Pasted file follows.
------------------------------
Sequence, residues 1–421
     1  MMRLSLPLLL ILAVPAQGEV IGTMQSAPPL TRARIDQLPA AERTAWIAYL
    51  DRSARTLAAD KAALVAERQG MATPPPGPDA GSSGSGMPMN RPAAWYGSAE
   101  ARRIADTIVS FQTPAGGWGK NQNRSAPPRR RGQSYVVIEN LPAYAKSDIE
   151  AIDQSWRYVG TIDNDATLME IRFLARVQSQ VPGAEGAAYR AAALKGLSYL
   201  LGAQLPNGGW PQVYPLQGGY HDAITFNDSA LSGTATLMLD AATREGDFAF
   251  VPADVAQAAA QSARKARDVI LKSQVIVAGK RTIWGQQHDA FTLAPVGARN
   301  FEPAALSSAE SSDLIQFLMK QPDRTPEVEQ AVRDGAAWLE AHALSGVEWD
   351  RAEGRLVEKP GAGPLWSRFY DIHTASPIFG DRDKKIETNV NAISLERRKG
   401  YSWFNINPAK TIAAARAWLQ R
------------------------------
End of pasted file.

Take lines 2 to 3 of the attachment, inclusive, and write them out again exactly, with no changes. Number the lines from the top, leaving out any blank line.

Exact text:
     1  MMRLSLPLLL ILAVPAQGEV IGTMQSAPPL TRARIDQLPA AERTAWIAYL
    51  DRSARTLAAD KAALVAERQG MATPPPGPDA GSSGSGMPMN RPAAWYGSAE